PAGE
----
Jay Garfield (J.G.) Puterbaugh (1876-1965) was a McAlester industrialist who earned great wealth in the coal and oil industries. Mr. Puterbaugh was a respected civic leader throughout his lifetime and the Puterbaugh Foundation continues to make significant contributions to the community and state many years after his death.
Originally from Kansas, J. G. Puterbaugh came to the South McAlester in 1902 where he founded he McAlester Fuel Company. This company became the selling agent for nearly all the mining companies then producing coal in Oklahoma and Arkansas. In 1931 he McAlester Fuel Company expanded to include the exploration and production of oil. During World War II the McAlester Fuel Company became involved in the war effort, partnering with the Bureau of Indian Affairs in Washington, D.C. to produce McAlester coal for use during World War II.
He was influential in framing Oklahoma's mining laws after statehood and establishing the Oklahoma Public Expenditures Council. He also served as a vice president and director of the First National Bank.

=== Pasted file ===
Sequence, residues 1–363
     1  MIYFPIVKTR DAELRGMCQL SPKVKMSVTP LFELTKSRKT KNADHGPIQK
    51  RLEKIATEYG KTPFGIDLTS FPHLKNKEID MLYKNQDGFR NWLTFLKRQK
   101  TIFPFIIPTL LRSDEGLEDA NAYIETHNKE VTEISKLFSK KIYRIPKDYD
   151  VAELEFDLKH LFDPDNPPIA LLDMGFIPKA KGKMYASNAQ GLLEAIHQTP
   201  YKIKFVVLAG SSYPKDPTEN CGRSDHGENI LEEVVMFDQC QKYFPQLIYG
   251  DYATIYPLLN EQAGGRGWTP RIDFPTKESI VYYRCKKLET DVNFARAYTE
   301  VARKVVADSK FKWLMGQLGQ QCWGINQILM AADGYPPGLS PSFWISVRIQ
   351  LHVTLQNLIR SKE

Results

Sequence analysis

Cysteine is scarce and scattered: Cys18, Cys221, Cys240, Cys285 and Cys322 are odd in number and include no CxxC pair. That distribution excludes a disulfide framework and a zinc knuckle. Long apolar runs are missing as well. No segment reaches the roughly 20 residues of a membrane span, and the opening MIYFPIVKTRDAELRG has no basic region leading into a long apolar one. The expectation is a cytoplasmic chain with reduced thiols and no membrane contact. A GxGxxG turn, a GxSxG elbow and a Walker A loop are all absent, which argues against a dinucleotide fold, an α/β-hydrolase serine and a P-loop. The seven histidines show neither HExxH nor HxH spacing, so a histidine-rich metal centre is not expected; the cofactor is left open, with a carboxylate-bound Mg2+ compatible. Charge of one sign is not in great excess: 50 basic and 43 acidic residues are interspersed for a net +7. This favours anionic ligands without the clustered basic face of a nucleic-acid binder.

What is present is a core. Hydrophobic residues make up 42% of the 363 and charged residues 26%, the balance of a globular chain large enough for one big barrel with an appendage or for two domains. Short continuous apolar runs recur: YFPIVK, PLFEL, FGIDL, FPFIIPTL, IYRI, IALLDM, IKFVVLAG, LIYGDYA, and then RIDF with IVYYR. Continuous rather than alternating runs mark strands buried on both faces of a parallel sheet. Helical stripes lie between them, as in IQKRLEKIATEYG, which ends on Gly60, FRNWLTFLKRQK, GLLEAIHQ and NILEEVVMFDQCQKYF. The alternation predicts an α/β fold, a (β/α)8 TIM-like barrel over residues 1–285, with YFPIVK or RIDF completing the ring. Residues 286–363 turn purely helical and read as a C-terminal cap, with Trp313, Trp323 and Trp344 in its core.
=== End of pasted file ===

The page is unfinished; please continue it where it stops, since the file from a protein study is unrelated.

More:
Mr. Puterbaugh was instrumental in organizing the McAlester Hospital Foundation, which operated the McAlester General Hospital. He served as foundation director from the time the organization began in 1947. He also played a major role in setting up the Oklahoma Medical Research Foundation and served as its first president.
Mr. Puterbaugh was one of the original members inducted into the Oklahoma Hall of Fame in 1950. He received a certificate of achievement from the University of Oklahoma Alumni Association and was awarded an honorary Doctor of Law degree from the University of Oklahoma in 1954.
By 1956 he was recognized for his 50 years of continuous membership in the Indian Consistory of the Masonic Lodge. In 1957 he was presented a plaque from the McAlester Chamber, recognizing his contributions to the community and distinguishing him with "the highest honor of the people of McAlester." He was also a long time member of the McAlester Rotary Club.
J. G. Puterbaugh believed that libraries, books, and reference materials were the most important tools and that education was the first step toward the solution of social and economical problems. He died in 1965 while on a business trip to St. Louis.